Question on kidnapping of opposition politicians in Bangladesh: UK Government is taking it seriously
My question on the disappearance of Ilias Ali and other opposition politicians in Bangladesh was taken in the House of Lords earlier today.
These were the exchanges, demonstrating that the UK Government is taking it seriously and has made representations to the Government of Bangladesh:
To ask Her Majesty’s Government what diplomatic representations they have made to the Government of Bangladesh about the disappearance and alleged kidnapping of Mr Ilias Ali and other opposition politicians.
My Lords, I am not going to have much time for any chillaxing today.
We are concerned about the disappearance of Mr Ilias Ali. On 9 May, our High Commissioner to Bangladesh and ambassadors of eight other European countries called on the Bangladesh authorities to conduct thorough investigations into disappearances, including that of Mr Ali. In meetings with the Prime Minister’s Office and senior officials in the Ministry of Foreign Affairs, we have urged the Government to do all that they can to locate Mr Ali and investigate the circumstances of his disappearance.
I am grateful to the noble Lord for that reply and for the expressions of concern by the British Government, but is he aware that there are a series of similar cases, including that of Mr Nazmul Islam, a local leader of the Bangladesh Nationalist Party, who was abducted and murdered last December, and that according to the BBC 30 people have disappeared in that way in the past year? There are allegations, too, that the police’s Rapid Action Battalion is involved. In those circumstances, do Her Majesty’s Government accept that this reflects very badly on Bangladesh and its obviously fairly fragile democracy? What support can be given to ensure that the individuals concerned are rescued and restored to their families and that this sort of occurrence stops?
The noble Lord is right that this kind of development reflects badly on the political culture of any society in which opposition leaders are arrested or worse. He asked what can be done. The EU had a heads of mission visit in February to Bangladesh and stated its concerns very clearly. We are fully behind that. In addition, our senior Ministers, including my right honourable friend the Foreign Secretary, have been in direct personal contact with senior officials, including the Foreign Minister of Bangladesh, and we take every opportunity to express our worries. It is a concern for us. People may ask why we are worried about Bangladesh. It is an important nation and the destination of one of DfID’s largest programmes, with £1 billion due to go to support Bangladesh development from this country over the next four years. It is a nation that we want to see stable and prosperous and to build on its economic achievements, which are beginning to show dividends. That is the rather encouraging side of an otherwise bad story.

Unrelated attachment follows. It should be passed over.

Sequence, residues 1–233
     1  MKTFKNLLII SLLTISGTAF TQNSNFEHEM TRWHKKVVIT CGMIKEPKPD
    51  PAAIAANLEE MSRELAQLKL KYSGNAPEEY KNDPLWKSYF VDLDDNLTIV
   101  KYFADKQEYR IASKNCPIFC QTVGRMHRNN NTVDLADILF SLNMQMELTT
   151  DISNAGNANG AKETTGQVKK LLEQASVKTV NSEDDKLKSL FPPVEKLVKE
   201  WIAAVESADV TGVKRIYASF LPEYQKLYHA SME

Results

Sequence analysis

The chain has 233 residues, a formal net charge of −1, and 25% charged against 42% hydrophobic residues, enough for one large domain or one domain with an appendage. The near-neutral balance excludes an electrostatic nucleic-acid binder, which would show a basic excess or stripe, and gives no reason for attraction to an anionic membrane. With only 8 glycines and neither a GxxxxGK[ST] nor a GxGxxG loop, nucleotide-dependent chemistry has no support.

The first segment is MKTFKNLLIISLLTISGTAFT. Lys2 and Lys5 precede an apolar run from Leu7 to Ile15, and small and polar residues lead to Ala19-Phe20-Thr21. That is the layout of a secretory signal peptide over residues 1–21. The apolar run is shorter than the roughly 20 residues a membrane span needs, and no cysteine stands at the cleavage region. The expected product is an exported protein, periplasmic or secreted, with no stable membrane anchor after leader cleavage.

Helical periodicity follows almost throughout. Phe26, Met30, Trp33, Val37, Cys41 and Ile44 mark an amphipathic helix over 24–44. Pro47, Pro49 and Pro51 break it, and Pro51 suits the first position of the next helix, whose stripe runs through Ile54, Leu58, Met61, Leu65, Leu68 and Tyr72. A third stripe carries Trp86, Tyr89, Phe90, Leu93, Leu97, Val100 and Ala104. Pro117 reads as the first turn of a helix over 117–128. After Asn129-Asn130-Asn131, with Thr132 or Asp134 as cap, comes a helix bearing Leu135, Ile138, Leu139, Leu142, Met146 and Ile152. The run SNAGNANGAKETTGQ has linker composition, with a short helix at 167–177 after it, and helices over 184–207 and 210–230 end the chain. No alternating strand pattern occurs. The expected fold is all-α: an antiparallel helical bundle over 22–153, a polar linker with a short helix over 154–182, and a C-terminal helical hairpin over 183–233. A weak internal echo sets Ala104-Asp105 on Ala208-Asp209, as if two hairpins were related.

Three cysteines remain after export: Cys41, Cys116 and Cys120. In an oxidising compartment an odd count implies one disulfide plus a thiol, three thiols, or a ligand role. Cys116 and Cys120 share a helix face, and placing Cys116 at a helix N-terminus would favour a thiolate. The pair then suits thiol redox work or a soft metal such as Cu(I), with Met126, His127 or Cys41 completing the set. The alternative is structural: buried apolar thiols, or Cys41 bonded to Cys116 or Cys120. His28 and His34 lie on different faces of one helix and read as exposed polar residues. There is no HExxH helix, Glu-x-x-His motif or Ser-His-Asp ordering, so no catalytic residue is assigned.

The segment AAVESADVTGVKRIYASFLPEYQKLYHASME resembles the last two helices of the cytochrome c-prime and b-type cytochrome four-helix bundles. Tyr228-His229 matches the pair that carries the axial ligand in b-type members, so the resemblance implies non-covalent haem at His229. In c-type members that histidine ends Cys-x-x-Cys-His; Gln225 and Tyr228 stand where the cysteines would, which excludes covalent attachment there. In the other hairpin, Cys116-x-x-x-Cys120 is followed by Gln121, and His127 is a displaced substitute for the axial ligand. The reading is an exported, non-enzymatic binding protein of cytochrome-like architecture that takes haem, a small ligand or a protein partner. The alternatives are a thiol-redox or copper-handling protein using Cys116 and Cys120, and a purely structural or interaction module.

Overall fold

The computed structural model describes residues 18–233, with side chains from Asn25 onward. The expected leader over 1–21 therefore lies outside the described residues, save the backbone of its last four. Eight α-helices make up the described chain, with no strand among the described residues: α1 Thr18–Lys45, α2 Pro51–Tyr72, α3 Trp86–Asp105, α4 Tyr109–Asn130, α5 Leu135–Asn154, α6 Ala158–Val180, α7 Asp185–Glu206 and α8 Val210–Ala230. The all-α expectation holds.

My Lords, I had the opportunity to meet Mr Ilias Ali in Luton when he visited the United Kingdom a few months ago and raised human rights issues in Bangladesh with him, as I have with the Minister concerned. Sadly, we hear that Mr Ali has disappeared, along with his driver. However, this is not an isolated case. The New York-based Human Rights Watch has expressed concern over the disappearance of at least 22 people this year. A Dhaka-based organisation says that more than 50 people have disappeared since 2010. Security agencies, including the—
Can these cases be investigated by an international human rights organisation, and can we pressurise the Bangladeshi Government to put an end to such human rights abuses? Finally, can the British Government ask—
Fair enough; those two will do.
A whole range of concerns have been expressed by my noble friend. I understand his feelings. This is not a good story at all. He asks whether we will press for impartial and transparent investigations into these disappearances. We do so, have done so, and will continue to do so. In some cases, we will be pressing at an open door and there will be investigations, but in other cases we may not be so successful. However, one has to accept that the drive for ending this dark atmosphere over Bangladeshi politics must come from within that nation. We support Bangladesh in its efforts to stabilise its politics, to move towards the best kind of elections at the next appropriate time and to develop and lift its people out of poverty and the appalling environmental challenges that they also face and with which, sadly, we are all too familiar.
My Lords, will my noble friend ask the Bangladesh Government whether they will issue an invitation to the United Nations working group on disappearances, which is the proper body to investigate not just the recent disappearances mentioned in the Question but those going back a long way, most of which are attributed to the RAB?
Lord Howell of Guildford:
That sounds like a very positive thought. I will certainly consider it and discuss it with my colleagues.”